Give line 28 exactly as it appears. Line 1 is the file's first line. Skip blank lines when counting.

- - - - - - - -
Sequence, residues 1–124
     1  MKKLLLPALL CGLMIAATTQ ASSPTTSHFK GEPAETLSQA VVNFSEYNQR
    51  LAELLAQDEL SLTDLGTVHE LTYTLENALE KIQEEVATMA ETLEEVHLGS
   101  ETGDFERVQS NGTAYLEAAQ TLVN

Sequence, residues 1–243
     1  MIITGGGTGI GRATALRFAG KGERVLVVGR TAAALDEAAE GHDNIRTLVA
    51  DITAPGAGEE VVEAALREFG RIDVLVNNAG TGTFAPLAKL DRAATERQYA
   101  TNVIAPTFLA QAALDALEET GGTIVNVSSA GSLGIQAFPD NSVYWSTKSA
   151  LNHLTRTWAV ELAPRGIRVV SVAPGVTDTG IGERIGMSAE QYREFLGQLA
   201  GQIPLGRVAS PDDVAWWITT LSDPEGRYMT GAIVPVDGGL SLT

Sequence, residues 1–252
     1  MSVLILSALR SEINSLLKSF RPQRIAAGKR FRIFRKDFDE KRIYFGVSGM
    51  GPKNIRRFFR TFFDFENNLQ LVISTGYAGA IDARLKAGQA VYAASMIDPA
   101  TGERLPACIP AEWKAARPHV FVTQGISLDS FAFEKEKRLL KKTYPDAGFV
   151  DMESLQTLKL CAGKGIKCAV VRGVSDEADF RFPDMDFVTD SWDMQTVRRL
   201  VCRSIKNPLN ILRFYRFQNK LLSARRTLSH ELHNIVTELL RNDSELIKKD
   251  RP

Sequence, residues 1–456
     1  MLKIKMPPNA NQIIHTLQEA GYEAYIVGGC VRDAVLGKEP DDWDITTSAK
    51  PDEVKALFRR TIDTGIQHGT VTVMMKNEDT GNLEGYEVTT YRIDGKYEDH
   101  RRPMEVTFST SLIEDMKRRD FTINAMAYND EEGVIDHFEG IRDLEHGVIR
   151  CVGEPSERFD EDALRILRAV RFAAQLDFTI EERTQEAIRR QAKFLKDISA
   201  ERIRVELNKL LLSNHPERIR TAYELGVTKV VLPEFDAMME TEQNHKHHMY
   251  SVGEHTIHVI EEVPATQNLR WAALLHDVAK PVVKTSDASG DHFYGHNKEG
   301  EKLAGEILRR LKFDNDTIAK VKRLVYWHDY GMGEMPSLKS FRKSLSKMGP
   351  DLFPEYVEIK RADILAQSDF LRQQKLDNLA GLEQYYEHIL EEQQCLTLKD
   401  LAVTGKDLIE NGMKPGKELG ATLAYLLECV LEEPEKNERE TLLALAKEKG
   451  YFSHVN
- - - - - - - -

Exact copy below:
   451  YFSHVN